The Kid, the Legend, the Ball

Iron Horse's legacy lingers at Mayo Clinic through donation

By Mayo Clinic Staff

Signed by Lou Gehrig in 1939, Bob Tierney's baseball will now become part of Mayo Clinic's historical collection.

Bob Tierney connected with Yankees legendary first baseman Lou Gehrig instantly.

"We hit it off," says Bob, now 91 years old.

The advice the Iron Horse gave the 15-year-old changed his life.

The year was 1939. Bob would come to the fields just south of Mayo Clinic in Rochester, Minnesota, to hit and play catch with the American Legion team, a group of young men in love with the game but with long odds of making a career out of it. Gehrig, too, was looking for the game he'd spent a lifetime mastering. Gehrig was eager to find local players in Rochester when he asked the hotelier, who pointed the Yankees legend to the same fields that Bob and the rest of the boys occupied.

Gehrig had just ended his record-setting 2,130 consecutive game streak because of puzzling, debilitating symptoms. He lingered at the fields during his time in Rochester, watching and waiting for Mayo Clinic's formal diagnosis.

"He couldn't stay away from baseball," Bob says. Bob remembers mustering up the courage one day to ask for Gehrig's autograph on a special ball an uncle had given him.

It was Gehrig's 36th birthday, and Gehrig had to cradle the ball in his left arm because he was losing the function of his hands.

After watching Bob play, Gehrig suggested Bob switch positions. After all, Bob's left leg was "gimpy" by his own admission and second base is a tough spot for all but the rangiest of athletes.

Later that day, Gehrig would receive his diagnosis — amyotrophic lateral sclerosis (ALS), a neurodegenerative disease without a cure. The disease carries his name to this day.

For Bob, ALS strikes even closer

Bob took Gehrig's advice and transitioned to the mound despite also missing a thumb on his throwing hand. He parlayed it into a 22-year career in amateur leagues and the minors.

While Bob never pitched to players of Gehrig's caliber in his own career, he gained a much deeper connection to the Hall of Famer nearly a half century after he died.

In the mid-90s, Bob's wife, Geraldine, was diagnosed with ALS.

"Gehrig died in 1941," Bob says. "My wife got the damn thing, and she died from it in 1999."

ALS is a type of motor neuron disease that causes nerve cells to gradually break down and die. There is no cure, but Mayo Clinic is currently conducting two clinical trials that use stem cells to treat the disease.

Giving back

Marty Tierney and his father, Bob Tierney, show off the ball Gehrig signed in 1939.

Back to the ball.

Andy Chafoulias, a developer based in Rochester, Minnesota, was looking for a way to teach his 11-year-old daughter, Taylor, the importance of giving. Andy had gone to school with Bob's son, Marty, and they figured out a plan to donate the Gehrig ball, which was also later signed by another Yankee, Leo Durocher, to Mayo Clinic.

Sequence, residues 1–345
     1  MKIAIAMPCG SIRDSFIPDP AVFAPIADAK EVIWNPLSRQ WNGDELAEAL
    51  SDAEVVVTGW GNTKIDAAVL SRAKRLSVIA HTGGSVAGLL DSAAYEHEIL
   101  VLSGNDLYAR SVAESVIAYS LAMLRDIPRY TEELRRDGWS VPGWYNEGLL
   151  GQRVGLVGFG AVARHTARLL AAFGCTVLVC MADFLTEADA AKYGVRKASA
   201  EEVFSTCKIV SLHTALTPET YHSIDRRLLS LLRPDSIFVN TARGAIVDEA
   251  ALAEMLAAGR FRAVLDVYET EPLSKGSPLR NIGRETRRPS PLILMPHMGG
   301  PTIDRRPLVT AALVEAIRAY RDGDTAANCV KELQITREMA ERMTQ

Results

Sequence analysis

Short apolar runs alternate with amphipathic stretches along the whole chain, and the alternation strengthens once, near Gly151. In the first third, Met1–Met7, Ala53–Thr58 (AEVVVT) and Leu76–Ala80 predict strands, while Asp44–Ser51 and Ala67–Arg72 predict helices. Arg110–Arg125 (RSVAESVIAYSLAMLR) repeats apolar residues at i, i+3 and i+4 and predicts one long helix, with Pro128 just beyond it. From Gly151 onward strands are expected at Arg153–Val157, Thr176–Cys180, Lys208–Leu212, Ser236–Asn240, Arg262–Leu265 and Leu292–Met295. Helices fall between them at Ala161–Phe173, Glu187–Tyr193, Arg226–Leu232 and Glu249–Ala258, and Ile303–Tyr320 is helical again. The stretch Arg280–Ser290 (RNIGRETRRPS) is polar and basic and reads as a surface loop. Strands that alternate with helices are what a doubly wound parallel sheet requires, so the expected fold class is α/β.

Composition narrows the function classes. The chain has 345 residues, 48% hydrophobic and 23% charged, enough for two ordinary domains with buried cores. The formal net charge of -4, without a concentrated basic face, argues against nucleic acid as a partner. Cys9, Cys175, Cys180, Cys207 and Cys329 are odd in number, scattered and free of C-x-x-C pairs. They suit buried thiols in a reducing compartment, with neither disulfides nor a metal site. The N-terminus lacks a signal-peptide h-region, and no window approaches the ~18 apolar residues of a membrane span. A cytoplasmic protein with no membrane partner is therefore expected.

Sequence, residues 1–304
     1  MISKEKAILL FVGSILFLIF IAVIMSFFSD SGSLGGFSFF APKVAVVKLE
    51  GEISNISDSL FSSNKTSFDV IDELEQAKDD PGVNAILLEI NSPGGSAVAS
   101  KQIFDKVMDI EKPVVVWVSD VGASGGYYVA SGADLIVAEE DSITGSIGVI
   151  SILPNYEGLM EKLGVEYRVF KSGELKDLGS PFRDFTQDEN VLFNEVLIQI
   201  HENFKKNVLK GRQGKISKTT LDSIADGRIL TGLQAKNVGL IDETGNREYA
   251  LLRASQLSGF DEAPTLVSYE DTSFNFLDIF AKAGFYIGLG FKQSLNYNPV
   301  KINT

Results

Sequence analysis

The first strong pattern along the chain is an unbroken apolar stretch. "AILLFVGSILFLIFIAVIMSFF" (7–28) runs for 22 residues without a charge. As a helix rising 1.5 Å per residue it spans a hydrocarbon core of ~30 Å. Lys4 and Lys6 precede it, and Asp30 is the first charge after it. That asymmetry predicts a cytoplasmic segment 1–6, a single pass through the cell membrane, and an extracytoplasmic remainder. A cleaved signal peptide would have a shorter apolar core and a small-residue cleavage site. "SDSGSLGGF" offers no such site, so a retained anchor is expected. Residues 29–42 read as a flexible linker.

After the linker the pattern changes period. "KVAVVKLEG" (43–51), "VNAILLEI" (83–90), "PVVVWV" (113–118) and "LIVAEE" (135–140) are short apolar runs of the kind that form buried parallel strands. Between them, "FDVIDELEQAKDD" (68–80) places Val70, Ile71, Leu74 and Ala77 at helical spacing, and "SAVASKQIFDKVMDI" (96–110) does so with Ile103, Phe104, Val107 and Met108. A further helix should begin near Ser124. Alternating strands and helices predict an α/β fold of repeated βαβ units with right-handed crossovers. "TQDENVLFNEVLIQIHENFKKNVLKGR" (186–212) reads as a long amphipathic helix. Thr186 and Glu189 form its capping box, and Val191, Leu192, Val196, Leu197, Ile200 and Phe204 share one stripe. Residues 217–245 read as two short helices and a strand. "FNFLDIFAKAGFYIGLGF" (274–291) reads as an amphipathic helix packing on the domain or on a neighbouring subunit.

"I thought it was very special that Marty's family has held this ball for 75 years-plus, and when he and I discussed what to do with the ball and do something positive, not only for our local community but for Mayo Clinic, it just made sense to purchase the ball and donate it back to the Mayo Clinic," Andy says. "I'm trying to teach my daughter how to give back to communities and to be blessed for where we are in our life and to help others in need.

"ALS is a serious, serious disease that needs a lot of research. And after she and I had a long discussion, she felt good about it, and I thought it was important that we both did it together as father and daughter."

The ball in the Hall

Meanwhile, the ball continues to hold a special place in the Tierney family's legacy.

Bob is one of a handful of people still alive who spent time with Gehrig in Rochester and calls the interactions one of the highlights of his life. Mayo Clinic Heritage Hall Director Matt Dacy says the ball is one of the only known Gehrig artifacts from the Hall of Famer's time in Minnesota that stayed in the original owner's hands for more than 75 years.

Thanks to Andy and Taylor's donation, the ball is part of the Mayo Clinic archive and historical collection, joining artifacts such as the Nobel Prize medallion for the discovery of cortisone, letters signed by U.S. presidents to their Mayo Clinic physicians, and films depicting top-secret World War II research on the G-suit and high-altitude mask. The ball will be displayed in a future exhibit in Heritage Hall, scheduled to open in 2016.

And Bob couldn't be prouder of the ball's humble beginning.

"I've had it ever since I was a 15-year-old kid," Bob says. "I had no idea that it would ever come to something like this."

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